In addition, biopsies of phenytoin-treated open wounds showed neovascularization and collagenization.[13] The analgesic effect of phenytoin may be more complex. Local pain relief due to blocking the sodium channels and membrane-stabilizing action of topical phenytoin therapy has been observed in several studies.[14,15]

In our study, we did not analyze the relation between age and sex with healing effects of pastes, but Makrantonaki and Zouboulis indicated that there was a sex divergence in the healing of acute wounds, and the healing process occurred more slowly in elderly men than in age-matched women.[16] Rhodes et al. found that topical phenytoin therapy resulted in a shorter time to complete healing and formation of granulation tissue when compared with DuoDerm dressings or triple antibiotic ointment applications.[4]

Fonseka et al. found that phenytoin sodium 2% solution was beneficial for pyoderma gangrenosum with various etiologies, and it enhanced ulcer healing especially when the patient had refractory diseases.[8]

Pereira assessed the therapeutic effect of topical phenytoin 0.5% on cutaneous healing from excision of melanocytic nevi on the face and found that patients who treated with phenytoin had significantly more profound epithelialization with smaller wounded area and shorter healing time than controls.[2]

Hasamnis et al. studied the wound healing effect of 1% phenytoin cream in the wounds of rats. In their study, 20 male Wistar albino rats were subjected to excisional wounds measuring 500 mm2 on the back and then randomized to control and treatment groups. The control group received no drug treatment till the end of the study. One percent phenytoin cream was applied to the wounds of rats in the treatment group and continued till the 16th day of the study. They calculated the percentage of wound healing by Walker formula after measurement of the wound area. They found statistically significant reduction in average wound area in the phenytoin group on days 4, 8, 12, and 16 of the experiment in comparison to control group.[4]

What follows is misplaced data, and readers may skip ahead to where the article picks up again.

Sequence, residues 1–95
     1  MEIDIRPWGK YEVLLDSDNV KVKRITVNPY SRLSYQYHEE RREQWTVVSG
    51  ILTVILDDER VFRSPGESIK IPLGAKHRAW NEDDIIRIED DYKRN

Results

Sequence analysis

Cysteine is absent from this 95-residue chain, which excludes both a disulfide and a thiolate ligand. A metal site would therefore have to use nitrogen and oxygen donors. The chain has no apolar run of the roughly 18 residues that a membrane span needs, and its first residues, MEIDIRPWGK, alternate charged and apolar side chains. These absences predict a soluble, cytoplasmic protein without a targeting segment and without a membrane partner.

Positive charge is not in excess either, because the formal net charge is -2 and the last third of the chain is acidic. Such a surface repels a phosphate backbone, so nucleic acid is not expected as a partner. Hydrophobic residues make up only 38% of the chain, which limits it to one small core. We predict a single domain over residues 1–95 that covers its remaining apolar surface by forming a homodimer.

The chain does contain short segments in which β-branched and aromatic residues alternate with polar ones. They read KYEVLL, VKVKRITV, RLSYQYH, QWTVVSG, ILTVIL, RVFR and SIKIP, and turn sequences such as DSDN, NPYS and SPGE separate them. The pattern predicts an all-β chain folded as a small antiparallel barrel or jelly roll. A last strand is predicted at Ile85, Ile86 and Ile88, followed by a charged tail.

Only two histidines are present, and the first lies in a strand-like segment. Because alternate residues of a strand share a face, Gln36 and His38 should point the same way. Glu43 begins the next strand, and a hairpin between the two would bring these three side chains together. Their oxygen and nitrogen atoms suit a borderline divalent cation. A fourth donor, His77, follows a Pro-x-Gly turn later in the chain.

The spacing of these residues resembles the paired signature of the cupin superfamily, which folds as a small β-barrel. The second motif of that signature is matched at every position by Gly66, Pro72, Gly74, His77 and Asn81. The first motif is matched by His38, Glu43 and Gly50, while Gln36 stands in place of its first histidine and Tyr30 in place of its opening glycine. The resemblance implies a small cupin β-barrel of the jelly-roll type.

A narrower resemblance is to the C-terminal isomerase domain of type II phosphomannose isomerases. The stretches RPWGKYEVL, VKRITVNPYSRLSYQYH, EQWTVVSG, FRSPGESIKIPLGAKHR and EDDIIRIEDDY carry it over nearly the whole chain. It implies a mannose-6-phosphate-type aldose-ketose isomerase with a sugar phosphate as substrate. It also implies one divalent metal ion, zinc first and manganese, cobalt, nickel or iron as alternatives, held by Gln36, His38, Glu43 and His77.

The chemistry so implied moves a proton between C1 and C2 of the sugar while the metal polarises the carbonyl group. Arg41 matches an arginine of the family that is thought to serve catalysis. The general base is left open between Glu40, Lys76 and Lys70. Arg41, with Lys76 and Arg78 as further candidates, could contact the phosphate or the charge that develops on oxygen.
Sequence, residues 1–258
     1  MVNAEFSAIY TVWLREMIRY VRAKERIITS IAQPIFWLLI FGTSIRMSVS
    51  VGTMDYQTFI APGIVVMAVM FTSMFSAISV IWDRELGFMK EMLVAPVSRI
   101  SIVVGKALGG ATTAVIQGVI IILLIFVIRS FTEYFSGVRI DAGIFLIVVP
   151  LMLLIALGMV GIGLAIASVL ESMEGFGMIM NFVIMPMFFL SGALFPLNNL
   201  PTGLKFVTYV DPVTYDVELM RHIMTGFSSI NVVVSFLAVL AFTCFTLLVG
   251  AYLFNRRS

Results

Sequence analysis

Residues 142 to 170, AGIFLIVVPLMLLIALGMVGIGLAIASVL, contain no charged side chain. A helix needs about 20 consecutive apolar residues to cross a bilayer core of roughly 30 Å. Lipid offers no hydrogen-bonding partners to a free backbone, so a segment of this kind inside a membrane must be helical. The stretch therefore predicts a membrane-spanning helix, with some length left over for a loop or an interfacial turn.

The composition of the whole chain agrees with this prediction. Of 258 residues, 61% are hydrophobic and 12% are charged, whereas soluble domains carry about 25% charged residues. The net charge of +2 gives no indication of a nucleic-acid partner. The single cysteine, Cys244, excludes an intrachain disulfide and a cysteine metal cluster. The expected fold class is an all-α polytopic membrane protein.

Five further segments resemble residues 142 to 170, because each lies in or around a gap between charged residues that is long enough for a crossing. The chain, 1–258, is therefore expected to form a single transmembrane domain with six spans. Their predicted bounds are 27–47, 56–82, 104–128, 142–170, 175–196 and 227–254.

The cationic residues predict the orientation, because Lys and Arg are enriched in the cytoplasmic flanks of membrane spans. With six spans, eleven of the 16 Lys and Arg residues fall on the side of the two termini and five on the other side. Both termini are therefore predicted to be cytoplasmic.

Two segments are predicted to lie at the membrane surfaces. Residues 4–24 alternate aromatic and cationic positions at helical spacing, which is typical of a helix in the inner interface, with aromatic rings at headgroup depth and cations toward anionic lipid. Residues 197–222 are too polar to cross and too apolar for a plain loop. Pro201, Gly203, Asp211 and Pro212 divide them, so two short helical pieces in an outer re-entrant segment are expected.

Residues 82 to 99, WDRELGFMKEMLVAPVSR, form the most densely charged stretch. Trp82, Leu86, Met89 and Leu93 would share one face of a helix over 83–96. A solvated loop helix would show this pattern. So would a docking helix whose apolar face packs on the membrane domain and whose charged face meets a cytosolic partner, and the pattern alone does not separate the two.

Yadav et al. studied the effect of topical phenytoin in the treatment of split-thickness skin graft. Within the phenytoin group, all 30 wounds had healed compared with three of the antibiotic group. Pain level was also reported to be lower in the phenytoin group, and there were a higher number of negative bacterial cultures in this group as well.[17] Kadkhodazadeh et al. accomplished a similar study on the oral mucosa that noticed phenytoin suspension could effectively accelerate the process of healing at the donor site and reduce pain following periodontal surgeries. In their study, those patients treated with phenytoin suspension showed significantly faster healing at days 14 and 28 with significantly lower pain intensities.[18]